Franklin was impressed by Pulaski, and wrote of him: “Count Pulaski of Poland, an officer famous throughout Europe for his bravery and conduct in defense of the liberties of his country against the three great invading powers of Russia, Austria and Prussia … may be highly useful to our service.” He subsequently recommended that General George Washington accept Pulaski as a volunteer in the Continental Army cavalry and said that Pulaski “was renowned throughout Europe for the courage and bravery he displayed in defense of his country’s freedom.” Pulaski departed France in June, arriving near Boston, on July 23, 1777. After his arrival, Pulaski wrote to Washington, “I came here, where freedom is being defended, to serve it, and to live or die for it.

His first military engagement against the British occurred on September 11, 1777, at the Battle of Brandywine. When the Continental Army troops began to yield, he reconnoitered with Washington’s bodyguard of about 30 men, and reported that the enemy were endeavoring to cut off the line of retreat. Washington ordered him to collect, as many as possible, the scattered troops who came his way, and employ them according to his discretion to secure the retreat of the army. His subsequent charge averted a disastrous defeat of the Continental Army cavalry, earning him fame in America and saved the life of George Washington. As a result, on September 15, 1777, on the orders of Congress, Washington made Pulaski a brigadier general in the Continental Army cavalry.

On October 4, Pulaski took part in the Battle of Germantown. He spent the winter of 1777 to 1778 with most of the army at Valley Forge.

Pulaski joined forces with General Lachlan McIntosh with French assistance in the battle for Savannah, George were he was wounded. Pulaski was carried from the field of battle and taken aboard the privateer merchant brigantine Wasp, where he died two days later, having never regained consciousness. His death, perceived by American Patriot supporters as heroic, further boosted his reputation in America.

He has been remembered as a hero who fought for independence and freedom both in Poland and in the United States. Numerous places and events are named in his honor, and he is commemorated by many works of art. Pulaski is one of only eight people to be awarded honorary United States citizenship.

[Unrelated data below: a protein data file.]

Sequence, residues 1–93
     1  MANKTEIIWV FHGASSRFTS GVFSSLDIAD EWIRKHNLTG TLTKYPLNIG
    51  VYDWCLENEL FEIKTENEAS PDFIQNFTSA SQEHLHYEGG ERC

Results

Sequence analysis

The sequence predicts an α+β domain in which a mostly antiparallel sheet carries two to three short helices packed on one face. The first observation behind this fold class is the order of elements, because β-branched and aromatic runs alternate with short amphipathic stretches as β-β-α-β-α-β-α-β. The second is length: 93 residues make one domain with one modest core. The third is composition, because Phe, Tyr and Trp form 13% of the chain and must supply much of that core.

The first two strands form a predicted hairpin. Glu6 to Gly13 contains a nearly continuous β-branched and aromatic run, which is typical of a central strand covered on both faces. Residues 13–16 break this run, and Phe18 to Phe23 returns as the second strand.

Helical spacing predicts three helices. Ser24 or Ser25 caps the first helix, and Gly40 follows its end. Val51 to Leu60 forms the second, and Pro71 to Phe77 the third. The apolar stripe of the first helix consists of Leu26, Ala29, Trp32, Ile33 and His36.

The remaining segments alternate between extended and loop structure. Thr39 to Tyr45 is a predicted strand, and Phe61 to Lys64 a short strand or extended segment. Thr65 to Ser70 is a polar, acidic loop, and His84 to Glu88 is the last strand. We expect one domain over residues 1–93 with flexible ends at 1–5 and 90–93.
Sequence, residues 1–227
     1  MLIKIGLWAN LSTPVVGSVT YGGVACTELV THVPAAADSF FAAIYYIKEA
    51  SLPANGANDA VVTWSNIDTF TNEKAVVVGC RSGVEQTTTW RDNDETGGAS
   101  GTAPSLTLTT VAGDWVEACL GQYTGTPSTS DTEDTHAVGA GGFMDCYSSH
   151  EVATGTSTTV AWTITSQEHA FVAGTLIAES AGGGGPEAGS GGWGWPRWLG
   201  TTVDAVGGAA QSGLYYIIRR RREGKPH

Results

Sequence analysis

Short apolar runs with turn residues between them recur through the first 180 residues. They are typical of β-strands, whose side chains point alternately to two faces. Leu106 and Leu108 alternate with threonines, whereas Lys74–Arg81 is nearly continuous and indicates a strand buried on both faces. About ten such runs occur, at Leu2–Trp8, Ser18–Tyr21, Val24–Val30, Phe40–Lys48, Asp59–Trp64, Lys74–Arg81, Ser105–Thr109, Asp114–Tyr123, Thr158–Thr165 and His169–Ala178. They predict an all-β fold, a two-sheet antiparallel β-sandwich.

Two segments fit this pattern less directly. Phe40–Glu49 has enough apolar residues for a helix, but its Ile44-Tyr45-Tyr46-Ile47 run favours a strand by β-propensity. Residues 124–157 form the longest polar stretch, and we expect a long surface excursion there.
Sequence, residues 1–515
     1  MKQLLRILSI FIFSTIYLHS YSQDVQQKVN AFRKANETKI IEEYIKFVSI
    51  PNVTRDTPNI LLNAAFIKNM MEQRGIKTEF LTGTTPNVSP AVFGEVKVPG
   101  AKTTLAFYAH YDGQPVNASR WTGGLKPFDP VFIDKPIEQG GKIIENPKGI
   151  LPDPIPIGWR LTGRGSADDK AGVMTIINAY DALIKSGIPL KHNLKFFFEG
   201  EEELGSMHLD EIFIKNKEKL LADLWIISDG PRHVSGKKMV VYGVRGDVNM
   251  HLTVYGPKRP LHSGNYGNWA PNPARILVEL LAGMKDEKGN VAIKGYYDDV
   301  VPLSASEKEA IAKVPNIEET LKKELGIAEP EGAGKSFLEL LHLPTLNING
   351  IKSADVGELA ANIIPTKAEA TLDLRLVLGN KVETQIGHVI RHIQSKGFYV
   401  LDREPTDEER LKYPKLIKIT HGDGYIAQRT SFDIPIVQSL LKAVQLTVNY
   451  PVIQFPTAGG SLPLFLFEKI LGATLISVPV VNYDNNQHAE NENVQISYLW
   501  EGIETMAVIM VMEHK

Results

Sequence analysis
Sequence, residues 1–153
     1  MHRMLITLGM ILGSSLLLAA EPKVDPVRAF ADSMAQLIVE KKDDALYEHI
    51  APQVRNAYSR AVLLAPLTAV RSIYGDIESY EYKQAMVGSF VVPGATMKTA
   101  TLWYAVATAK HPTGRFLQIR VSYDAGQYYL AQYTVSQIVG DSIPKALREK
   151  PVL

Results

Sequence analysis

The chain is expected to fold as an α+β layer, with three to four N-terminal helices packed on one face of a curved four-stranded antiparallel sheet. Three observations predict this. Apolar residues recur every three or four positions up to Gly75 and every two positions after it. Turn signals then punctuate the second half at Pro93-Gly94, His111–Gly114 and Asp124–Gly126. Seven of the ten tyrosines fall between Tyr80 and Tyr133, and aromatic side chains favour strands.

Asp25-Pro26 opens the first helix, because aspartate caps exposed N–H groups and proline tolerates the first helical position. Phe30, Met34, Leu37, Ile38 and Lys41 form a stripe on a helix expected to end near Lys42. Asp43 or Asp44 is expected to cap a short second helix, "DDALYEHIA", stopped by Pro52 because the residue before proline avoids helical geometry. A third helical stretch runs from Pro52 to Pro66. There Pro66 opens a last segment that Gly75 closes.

Albany Legislation Regarding The Pulaski Crossway Dated 1977

Nepperhan arterial, with that portion beginning at a connection to South Broadway thence continuing to the connection of the Pulaski Crossway designated as a portion of the Pulaski Crossway in the vicinity of Nepperhan Avenue, thence continuing northerly on or in the vicinity of Nepperhan Avenue, and new location to Saw Mill River Road in the vicinity of Tuckahoe Road, including a connection to Roberts Avenue, thence northerly on or in the vicinity of Saw Mill River Road to the northerly city line, state highway one thousand one hundred sixty-seven. Approximate length 4.1 miles.

Pulaski Crossway arterial, from a point on the Nepperhan arterial to be determined by the Commissioner of Transportation, thence generally easterly on or in the vicinity of Yonkers Avenue and new location to the east city line connecting to an arterial highway in Mt. Vernon. Approximate length 3.0 miles.

Central Park Avenue arterial, from a point on Pulaski Crossway arterial to be determined by the Commissioner of Transportation, thence generally northerly on or in the vicinity of Central Park Avenue to state highway five thousand two hundred thirty-one. Approximate length 5.1 miles.

Tuckahoe Road arterial, from a point on the Nepperhan arterial, to be determined by the Commissioner of Transportation, thence easterly on or in the vicinity of Tuckahoe Road to a point on Central Park Avenue arterial, to be determined by the Commissioner of Transportation. Approximate length 1.7 miles.

Riverdale arterial, beginning at the New York City-Yonkers city line, in the vicinity of Riverdale Avenue, thence on or in the vicinity of Riverdale Avenue to the vicinity of Main Street, including a connection to the Nepperhan arterial. Approximate length 1.7 miles.


Reprinted with permission from Hezi Aris (Yonkers Tribune)